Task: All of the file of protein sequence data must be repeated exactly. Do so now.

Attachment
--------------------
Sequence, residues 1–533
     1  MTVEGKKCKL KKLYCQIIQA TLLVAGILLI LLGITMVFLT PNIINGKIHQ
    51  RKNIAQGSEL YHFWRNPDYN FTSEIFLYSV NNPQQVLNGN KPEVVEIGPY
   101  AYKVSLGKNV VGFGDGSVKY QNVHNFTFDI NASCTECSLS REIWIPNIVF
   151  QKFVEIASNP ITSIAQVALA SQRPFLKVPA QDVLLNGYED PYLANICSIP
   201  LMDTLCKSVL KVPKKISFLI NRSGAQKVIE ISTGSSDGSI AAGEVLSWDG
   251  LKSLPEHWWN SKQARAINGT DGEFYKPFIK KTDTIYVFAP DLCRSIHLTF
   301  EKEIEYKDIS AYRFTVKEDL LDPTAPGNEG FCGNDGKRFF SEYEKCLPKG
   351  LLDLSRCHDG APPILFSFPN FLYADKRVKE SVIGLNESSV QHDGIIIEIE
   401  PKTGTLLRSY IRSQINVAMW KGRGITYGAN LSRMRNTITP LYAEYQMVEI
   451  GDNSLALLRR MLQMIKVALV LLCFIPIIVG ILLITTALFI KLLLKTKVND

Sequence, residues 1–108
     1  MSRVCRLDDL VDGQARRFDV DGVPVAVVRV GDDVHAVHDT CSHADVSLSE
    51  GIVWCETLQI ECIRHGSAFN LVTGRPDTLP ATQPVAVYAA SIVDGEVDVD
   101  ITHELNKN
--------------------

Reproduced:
Sequence, residues 1–533
     1  MTVEGKKCKL KKLYCQIIQA TLLVAGILLI LLGITMVFLT PNIINGKIHQ
    51  RKNIAQGSEL YHFWRNPDYN FTSEIFLYSV NNPQQVLNGN KPEVVEIGPY
   101  AYKVSLGKNV VGFGDGSVKY QNVHNFTFDI NASCTECSLS REIWIPNIVF
   151  QKFVEIASNP ITSIAQVALA SQRPFLKVPA QDVLLNGYED PYLANICSIP
   201  LMDTLCKSVL KVPKKISFLI NRSGAQKVIE ISTGSSDGSI AAGEVLSWDG
   251  LKSLPEHWWN SKQARAINGT DGEFYKPFIK KTDTIYVFAP DLCRSIHLTF
   301  EKEIEYKDIS AYRFTVKEDL LDPTAPGNEG FCGNDGKRFF SEYEKCLPKG
   351  LLDLSRCHDG APPILFSFPN FLYADKRVKE SVIGLNESSV QHDGIIIEIE
   401  PKTGTLLRSY IRSQINVAMW KGRGITYGAN LSRMRNTITP LYAEYQMVEI
   451  GDNSLALLRR MLQMIKVALV LLCFIPIIVG ILLITTALFI KLLLKTKVND

Sequence, residues 1–108
     1  MSRVCRLDDL VDGQARRFDV DGVPVAVVRV GDDVHAVHDT CSHADVSLSE
    51  GIVWCETLQI ECIRHGSAFN LVTGRPDTLP ATQPVAVYAA SIVDGEVDVD
   101  ITHELNKN